I’ve recently completed my final project for the MUSIC 420B class in Stanford University. Prior to taking this class I happened to attend a workshop by Yann Orlarey, the author of the Faust musical signal processing language, that was held in CCRMA. I was fascinated by the ease and speed with which one could create effects and sound synthesizers using Faust. Also, having missed electronic music composition by that time I took the class that offered the possibility to play more with Faust and music production software. My initial goal was to demonstrate practical usage of Faust for music production in combination with software like Logic Pro or Ableton Live and write a whole piece using Faust generated sounds. VST in my opinion was the way to go because the tools that I wanted to use on Mac supported it. Although it was possible to create VSTi plug-ins with Faust, they were lacking some features that are expected from most synthesizers, with polyphony being the most noticeable of them. I’ve decided to take on this and fill this gap. The DSSI plug-in architecture supported by Faust already had support for polyphony so I could get an idea how to implement it for VSTi-s.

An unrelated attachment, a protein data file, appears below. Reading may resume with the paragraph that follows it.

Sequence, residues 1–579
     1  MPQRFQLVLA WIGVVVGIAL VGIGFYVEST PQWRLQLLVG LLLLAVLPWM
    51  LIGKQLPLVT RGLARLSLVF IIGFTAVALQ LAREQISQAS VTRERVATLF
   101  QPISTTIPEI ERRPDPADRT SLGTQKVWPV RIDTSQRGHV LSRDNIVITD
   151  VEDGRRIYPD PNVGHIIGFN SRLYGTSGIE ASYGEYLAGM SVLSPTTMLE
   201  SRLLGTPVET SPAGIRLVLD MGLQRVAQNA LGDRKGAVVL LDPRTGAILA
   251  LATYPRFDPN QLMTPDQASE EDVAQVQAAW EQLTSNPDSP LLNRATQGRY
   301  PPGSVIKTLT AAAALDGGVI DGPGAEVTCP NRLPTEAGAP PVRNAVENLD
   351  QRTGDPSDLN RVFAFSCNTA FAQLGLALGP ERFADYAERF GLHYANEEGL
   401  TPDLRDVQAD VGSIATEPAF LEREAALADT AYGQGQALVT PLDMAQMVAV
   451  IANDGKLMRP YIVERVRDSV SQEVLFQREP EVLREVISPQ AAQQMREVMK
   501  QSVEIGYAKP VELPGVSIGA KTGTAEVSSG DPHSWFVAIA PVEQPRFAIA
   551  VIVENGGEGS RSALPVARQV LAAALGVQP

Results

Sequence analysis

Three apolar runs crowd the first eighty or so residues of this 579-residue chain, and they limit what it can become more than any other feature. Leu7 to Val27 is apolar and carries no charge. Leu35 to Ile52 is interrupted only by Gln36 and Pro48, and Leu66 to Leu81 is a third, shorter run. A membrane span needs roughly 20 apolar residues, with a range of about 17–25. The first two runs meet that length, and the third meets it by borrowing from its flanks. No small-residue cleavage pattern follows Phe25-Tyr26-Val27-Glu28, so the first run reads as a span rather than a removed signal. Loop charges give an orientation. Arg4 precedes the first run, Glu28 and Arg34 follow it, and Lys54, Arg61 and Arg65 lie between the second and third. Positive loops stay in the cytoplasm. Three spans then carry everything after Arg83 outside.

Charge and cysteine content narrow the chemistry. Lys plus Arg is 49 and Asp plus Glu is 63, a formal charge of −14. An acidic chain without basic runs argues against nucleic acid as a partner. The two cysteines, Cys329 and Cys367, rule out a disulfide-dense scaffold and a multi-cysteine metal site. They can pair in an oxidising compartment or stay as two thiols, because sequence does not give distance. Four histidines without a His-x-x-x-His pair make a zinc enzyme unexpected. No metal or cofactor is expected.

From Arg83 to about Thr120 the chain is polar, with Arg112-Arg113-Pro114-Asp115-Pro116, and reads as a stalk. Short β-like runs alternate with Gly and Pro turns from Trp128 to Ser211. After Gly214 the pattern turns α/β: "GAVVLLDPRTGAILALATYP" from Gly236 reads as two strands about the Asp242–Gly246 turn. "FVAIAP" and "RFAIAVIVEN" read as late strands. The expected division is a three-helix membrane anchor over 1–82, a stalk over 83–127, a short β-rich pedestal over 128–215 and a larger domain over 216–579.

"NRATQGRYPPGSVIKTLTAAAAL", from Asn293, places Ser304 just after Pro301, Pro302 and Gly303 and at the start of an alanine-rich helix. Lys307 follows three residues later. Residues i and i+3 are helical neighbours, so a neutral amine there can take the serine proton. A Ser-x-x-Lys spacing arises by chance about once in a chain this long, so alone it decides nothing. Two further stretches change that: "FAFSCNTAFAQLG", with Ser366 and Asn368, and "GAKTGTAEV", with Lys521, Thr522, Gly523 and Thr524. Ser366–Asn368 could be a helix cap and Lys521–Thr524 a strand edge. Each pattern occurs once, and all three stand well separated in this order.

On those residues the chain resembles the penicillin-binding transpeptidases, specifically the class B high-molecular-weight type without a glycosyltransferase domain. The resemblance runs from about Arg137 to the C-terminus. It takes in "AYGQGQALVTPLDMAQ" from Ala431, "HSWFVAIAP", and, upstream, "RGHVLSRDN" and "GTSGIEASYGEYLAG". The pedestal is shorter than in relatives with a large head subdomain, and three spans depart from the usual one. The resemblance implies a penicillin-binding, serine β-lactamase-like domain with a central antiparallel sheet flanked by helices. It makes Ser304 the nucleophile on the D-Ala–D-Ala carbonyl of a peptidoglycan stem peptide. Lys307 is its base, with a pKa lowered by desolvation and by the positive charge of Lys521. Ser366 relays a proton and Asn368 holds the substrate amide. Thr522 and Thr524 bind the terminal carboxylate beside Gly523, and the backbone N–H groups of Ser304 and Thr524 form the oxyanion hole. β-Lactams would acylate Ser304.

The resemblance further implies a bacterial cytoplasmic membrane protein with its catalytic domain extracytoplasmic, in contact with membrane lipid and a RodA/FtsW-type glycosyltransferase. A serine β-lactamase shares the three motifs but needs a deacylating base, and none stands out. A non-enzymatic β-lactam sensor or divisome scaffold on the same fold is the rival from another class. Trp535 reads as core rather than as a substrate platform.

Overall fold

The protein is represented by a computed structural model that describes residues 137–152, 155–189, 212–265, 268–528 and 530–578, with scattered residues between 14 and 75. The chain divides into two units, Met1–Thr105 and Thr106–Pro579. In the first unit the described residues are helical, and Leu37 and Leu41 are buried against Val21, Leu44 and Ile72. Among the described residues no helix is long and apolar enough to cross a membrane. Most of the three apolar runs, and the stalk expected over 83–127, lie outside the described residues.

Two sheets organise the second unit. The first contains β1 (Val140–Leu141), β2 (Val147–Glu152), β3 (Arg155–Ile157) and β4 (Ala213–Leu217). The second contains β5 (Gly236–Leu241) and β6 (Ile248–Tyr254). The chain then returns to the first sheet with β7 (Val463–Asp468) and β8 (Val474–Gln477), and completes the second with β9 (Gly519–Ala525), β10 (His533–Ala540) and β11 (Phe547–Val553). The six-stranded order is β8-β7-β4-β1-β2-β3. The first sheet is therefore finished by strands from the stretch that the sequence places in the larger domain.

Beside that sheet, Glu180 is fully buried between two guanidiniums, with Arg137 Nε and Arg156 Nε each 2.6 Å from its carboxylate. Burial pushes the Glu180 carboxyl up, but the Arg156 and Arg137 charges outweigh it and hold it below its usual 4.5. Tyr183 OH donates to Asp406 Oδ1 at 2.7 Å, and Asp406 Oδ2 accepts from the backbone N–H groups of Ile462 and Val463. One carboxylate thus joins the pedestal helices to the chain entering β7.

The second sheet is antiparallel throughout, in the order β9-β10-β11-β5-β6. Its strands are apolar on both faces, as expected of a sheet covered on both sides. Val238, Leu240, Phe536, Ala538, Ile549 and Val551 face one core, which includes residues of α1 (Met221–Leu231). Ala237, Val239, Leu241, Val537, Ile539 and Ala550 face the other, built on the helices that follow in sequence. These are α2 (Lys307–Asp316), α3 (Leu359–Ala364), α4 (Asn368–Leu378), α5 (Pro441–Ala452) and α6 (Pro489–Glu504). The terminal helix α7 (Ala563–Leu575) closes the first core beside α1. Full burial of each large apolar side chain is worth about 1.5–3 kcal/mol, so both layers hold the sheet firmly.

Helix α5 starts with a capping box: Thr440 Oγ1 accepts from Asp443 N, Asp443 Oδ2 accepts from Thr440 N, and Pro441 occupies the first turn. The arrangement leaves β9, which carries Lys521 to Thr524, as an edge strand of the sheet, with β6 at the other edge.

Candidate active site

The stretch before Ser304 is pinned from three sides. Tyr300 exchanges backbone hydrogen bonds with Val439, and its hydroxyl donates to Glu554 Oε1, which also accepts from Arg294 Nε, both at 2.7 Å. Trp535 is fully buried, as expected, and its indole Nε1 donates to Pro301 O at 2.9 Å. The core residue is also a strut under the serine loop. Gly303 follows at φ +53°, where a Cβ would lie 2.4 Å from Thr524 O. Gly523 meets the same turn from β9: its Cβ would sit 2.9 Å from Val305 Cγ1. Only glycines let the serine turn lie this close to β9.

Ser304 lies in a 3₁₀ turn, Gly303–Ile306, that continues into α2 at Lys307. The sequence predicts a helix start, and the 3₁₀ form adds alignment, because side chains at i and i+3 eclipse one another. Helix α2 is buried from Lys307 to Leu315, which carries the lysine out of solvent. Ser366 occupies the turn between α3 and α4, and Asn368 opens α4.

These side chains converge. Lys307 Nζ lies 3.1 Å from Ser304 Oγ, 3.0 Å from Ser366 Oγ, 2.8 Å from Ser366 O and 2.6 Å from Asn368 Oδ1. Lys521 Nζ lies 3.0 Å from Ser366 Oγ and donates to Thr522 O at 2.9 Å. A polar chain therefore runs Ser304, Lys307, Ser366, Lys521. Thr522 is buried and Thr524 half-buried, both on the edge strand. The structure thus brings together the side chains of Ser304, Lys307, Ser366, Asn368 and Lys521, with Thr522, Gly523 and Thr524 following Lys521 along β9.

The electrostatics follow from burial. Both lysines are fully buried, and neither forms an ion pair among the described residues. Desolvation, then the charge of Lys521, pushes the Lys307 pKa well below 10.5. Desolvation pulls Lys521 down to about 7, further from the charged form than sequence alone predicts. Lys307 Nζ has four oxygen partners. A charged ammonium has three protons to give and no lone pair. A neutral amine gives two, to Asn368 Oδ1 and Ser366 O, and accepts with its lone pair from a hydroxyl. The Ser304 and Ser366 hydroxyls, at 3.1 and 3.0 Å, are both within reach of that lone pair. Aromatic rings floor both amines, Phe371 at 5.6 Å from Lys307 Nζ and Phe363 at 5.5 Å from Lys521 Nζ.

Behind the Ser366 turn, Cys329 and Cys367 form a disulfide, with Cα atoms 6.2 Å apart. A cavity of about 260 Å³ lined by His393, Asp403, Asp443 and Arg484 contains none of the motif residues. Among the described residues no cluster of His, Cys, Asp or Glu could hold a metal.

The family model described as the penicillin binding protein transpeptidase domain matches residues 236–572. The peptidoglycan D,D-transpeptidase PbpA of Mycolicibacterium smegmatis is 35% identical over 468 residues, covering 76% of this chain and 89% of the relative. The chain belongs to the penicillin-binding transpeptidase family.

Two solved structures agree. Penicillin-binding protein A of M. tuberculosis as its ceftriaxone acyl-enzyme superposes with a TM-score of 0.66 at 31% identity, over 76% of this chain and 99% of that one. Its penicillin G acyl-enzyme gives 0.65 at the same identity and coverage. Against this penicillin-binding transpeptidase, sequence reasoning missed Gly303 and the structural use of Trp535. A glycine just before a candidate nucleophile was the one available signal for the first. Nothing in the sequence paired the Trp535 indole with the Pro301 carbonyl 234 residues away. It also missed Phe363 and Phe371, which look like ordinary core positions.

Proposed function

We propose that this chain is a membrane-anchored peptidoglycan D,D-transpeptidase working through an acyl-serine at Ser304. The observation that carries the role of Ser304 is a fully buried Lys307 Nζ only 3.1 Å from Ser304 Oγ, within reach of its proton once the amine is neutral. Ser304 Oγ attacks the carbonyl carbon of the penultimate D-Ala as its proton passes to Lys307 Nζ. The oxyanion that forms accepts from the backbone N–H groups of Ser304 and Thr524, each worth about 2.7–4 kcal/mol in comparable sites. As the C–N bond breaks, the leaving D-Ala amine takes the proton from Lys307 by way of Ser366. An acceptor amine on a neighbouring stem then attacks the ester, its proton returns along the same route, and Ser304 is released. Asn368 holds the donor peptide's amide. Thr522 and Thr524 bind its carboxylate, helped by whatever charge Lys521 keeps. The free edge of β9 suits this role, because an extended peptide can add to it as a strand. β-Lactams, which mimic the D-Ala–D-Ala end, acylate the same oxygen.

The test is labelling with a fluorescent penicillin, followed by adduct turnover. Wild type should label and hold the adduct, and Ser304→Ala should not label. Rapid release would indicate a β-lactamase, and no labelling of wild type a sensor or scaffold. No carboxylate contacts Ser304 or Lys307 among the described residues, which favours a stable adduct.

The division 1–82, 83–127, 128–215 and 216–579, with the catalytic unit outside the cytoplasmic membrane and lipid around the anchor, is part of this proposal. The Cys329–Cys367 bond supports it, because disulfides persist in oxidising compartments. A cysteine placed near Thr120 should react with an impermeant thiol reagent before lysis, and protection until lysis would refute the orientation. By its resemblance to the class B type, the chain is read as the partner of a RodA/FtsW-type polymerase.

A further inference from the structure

The following diagram describes in general the VSTi architecture design. The VST host interacts with the plug-in through the AudioEffectEx interface. Faust class implements this interface and using multiple instances of the Voice class supports polyphony. Each Voice class contains an instance of mydsp class which is produced by the Faust compiler and implements the signal processing/synthesis part.
Support for portamento slide was added by storing the last played voice in a dedicated member of the Faust class. In addition the architecture recognizes the “pitchbend” control as one that has to be updated according to MIDI pitch-bend event. The following short loop demonstrates how a whole piece can be produced using Faust instruments. All the instruments are Faust VSTi-s except for percussion that wasn’t fully implemented yet:
That’s how the bastard-synth VST used in this loop looks in MuTools’ MULab. Here we can see the controls recognized by the Faust architecture: freq, gain, gate, pitchbend and prevfreq.
A more detailed project summary is in the following paper http://stanford.edu/~yanm2/files/mus420b.pdf. The project code is part of Faust source and can be check out from http://git.code.sf.net/p/faudiostream/code.